Binoculars / Monocular

A monocular can be a great choice when you have to hike to your location because they are smaller, lighter and fit easily onto your belt. If you are shooting from your car, or a safari vehicle, then a pair of binoculars will likely be a better choice. The most popular magnifications are 8X and 10X. When you’re looking at specifications you’ll see binoculars are always represented by two numbers. For example; 10 X  42 or 8 X 32. The first number is of course the magnification, while the second number is the size of the objective lens in millimetres.


The majority of good wildlife photography opportunities will be early in the morning or late in the evening when the light is less harsh. This almost certainly means that you’ll spend some time in the darkness, whether it be before or after your photography session. Headlamps can also be useful for photographing reptiles at night.

Telephoto lens

There’s really no escaping the fact that you’re going to need a relatively long lens to achieve the kind of wildlife photos you’ll likely be proud of. The Canon 100-400 IS II is a popular option for enthusiasts, as is the Nikon 200- 500, the Nikon 500mm PF, the Fuji 100-400 and the Sony 200-600. Tamron also has an excellent 150-600mm lens which comes in at an astonishingly cheap price for a lens that will take you all the way to 600mm.


Hand holding longer lenses can work for birds in flight but that’s about it. Many of the best wildlife photography opportunities happen early in the morning or late in the evening when light levels force you to use a very slow shutter speed. Combine this with the magnified shaking effect of longer focal lengths and a tripod is really an essential item.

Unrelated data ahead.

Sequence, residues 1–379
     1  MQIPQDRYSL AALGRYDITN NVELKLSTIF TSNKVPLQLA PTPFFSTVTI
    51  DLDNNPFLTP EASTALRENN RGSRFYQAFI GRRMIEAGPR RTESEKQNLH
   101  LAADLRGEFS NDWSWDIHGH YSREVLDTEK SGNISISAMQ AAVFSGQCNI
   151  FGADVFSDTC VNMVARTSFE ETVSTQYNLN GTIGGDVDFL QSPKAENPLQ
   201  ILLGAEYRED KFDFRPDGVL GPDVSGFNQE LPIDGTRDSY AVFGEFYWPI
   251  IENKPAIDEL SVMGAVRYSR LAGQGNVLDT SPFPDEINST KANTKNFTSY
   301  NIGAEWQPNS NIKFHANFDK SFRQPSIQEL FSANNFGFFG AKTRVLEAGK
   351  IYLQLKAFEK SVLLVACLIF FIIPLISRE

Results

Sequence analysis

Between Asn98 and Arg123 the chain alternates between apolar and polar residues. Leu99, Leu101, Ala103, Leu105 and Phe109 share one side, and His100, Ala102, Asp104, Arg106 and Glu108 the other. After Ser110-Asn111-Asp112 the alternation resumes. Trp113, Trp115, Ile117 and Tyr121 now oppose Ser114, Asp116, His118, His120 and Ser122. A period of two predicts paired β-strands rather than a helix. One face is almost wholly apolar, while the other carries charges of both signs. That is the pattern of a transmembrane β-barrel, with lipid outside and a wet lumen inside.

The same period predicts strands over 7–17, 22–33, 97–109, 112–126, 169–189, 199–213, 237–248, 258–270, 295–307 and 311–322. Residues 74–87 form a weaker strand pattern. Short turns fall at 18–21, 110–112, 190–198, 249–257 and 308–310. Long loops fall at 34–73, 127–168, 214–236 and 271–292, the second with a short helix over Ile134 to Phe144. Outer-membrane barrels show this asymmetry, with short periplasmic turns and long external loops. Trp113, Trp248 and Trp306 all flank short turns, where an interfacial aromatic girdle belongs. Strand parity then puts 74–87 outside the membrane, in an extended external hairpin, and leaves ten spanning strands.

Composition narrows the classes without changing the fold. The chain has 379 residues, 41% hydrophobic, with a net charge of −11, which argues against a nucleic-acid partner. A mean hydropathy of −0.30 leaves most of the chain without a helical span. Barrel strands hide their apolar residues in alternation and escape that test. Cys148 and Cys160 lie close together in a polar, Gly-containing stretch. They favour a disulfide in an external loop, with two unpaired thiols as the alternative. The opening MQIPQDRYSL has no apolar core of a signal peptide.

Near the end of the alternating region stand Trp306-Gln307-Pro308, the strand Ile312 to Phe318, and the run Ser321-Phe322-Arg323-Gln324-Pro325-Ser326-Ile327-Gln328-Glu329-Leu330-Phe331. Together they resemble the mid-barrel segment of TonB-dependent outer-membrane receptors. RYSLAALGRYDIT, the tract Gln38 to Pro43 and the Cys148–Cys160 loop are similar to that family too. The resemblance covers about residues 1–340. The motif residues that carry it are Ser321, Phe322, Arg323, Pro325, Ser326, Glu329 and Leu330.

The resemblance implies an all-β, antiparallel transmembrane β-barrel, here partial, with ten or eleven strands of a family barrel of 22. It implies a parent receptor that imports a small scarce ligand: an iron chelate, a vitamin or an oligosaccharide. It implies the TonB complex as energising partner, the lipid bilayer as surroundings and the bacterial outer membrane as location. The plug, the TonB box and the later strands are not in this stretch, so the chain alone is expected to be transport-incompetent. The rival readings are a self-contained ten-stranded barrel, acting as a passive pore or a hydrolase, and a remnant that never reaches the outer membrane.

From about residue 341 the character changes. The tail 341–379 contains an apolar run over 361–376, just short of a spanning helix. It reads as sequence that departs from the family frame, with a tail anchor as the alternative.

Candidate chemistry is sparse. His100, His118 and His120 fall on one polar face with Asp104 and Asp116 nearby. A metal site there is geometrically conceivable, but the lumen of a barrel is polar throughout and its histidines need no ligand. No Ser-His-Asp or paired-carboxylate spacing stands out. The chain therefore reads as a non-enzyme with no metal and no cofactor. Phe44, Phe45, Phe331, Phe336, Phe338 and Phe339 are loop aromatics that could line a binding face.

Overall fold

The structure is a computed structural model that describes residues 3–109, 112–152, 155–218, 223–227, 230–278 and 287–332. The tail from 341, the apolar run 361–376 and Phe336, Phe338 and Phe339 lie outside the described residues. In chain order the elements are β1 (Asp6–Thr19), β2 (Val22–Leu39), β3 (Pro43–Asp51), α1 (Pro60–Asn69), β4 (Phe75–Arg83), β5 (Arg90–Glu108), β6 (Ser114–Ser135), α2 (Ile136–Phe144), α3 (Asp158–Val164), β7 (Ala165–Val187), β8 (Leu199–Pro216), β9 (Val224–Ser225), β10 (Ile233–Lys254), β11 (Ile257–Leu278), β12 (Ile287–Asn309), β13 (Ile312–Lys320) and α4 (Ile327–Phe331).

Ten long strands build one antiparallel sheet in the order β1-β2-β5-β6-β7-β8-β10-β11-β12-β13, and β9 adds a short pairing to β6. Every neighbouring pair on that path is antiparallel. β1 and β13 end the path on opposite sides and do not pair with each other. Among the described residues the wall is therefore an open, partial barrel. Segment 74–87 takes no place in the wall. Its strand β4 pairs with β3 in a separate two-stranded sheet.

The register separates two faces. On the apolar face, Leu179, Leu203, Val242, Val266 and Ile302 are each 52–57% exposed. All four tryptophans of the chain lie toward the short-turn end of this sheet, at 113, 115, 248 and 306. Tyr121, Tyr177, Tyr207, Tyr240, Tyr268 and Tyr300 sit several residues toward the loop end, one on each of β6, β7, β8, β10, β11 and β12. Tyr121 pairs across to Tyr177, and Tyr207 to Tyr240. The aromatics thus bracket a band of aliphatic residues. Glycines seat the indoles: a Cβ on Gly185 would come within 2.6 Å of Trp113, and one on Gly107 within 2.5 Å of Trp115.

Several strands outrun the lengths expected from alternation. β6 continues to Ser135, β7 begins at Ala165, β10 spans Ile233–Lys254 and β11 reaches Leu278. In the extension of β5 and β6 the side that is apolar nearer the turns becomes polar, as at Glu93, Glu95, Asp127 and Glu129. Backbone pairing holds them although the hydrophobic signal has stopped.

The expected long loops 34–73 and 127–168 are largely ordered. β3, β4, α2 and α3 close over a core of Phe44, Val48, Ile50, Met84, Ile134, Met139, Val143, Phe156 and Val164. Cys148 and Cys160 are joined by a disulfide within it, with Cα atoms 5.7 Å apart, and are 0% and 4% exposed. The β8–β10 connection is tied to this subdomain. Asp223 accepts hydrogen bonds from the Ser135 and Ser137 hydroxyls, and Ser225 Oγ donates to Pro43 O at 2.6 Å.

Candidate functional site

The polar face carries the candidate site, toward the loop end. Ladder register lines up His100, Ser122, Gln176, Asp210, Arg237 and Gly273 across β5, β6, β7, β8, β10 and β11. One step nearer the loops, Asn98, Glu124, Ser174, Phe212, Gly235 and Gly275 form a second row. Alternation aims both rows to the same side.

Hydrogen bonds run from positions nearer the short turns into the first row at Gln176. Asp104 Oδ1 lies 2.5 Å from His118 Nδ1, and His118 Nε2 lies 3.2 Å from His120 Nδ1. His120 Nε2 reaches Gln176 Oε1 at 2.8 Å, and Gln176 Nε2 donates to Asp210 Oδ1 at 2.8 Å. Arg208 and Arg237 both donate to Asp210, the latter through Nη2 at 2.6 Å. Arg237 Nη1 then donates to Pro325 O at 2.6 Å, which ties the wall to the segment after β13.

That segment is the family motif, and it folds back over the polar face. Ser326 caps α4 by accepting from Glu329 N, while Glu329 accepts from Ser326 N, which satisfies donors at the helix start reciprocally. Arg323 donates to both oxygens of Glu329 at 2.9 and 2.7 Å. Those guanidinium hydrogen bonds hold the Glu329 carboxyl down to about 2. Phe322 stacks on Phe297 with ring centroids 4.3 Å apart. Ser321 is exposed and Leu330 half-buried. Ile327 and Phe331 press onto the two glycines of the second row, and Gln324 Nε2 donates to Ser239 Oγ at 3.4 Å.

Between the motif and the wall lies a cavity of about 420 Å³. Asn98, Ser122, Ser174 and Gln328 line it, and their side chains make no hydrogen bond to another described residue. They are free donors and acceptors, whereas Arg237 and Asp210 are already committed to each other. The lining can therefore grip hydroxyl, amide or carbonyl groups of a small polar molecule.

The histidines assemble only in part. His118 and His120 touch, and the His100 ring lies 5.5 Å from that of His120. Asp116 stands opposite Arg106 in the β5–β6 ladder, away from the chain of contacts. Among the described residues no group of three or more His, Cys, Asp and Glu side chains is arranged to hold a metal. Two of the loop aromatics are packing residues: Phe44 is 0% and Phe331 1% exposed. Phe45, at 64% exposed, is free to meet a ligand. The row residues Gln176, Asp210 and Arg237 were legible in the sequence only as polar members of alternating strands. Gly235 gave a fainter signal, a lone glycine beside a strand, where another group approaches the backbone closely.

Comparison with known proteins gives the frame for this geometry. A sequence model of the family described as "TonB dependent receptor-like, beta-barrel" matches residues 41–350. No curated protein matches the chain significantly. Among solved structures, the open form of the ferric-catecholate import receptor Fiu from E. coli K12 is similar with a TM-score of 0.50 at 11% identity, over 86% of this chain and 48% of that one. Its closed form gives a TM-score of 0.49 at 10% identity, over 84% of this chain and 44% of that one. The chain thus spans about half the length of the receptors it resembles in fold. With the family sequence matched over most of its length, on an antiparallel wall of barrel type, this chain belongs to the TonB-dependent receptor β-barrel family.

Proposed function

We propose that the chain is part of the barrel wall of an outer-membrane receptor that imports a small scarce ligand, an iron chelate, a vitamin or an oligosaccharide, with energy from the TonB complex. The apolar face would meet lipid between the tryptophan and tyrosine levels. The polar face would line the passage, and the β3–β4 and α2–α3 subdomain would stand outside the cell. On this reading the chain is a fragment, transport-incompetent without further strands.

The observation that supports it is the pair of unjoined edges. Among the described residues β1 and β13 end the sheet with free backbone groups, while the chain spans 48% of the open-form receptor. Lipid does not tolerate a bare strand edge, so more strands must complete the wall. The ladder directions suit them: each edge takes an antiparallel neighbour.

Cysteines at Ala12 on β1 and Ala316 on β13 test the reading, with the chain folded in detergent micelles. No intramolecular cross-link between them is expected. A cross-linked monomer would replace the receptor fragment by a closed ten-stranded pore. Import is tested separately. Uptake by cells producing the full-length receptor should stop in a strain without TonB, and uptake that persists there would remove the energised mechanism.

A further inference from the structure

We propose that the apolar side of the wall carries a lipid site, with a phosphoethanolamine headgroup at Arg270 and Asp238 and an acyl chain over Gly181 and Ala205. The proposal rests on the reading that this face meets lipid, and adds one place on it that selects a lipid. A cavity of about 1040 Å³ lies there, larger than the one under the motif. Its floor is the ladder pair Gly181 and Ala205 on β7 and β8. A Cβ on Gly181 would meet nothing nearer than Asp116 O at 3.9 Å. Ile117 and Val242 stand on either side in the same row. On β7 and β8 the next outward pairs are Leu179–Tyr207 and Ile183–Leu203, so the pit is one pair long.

Bean bag – Lens Coat Lens Sack

For places where you cannot use a tripod for e.g. in a safari jeep, bean bags come in very handy. The material   in the bag helps to dampen vibrations and stabilize the lens. They can also be used when shooting from the ground. The structure is such that it also allows fluid movement of the lens.


A gimbal is a device that sits on top of your tripod and perfectly balances your camera and lens combination, allowing you to pan and tilt it in any direction with almost zero effort. For wildlife photography with any lens of 400mm or more this is an essential item. Ball heads are designed to be positioned and then locked for the photo, but when shooting wildlife you are often following your subject and a gimbal makes this much easier.

Camera bag capable of holding long lenses

You’ll want a pretty rugged camera bag to carry your gear in, and it’ll need to be able to accommodate fairly long lenses.

Long lens rain cover

When you consider the cost of your lens, a waterproof cover for it should be a no-brainer. Since it is impossible to make any guarantees on the weather, it is an inevitability that at some point you’ll be caught in the rain while trying to find, or waiting for your chosen subject

Prescription glasses (sunglasses, hat, sunblock et al)

If you wear prescription glasses, be sure to pack more than one set (in case you lose one or they get broken). You will be outdoors for much of the time, so be prepared. Pack a hat, sunblock, long sleeves, and lip balm.

Wearing clothes in layers is the most practical way to cope with fluctuating day/night temperatures and cool evenings whilst on safari. As the day warms up you can peel off another layer.

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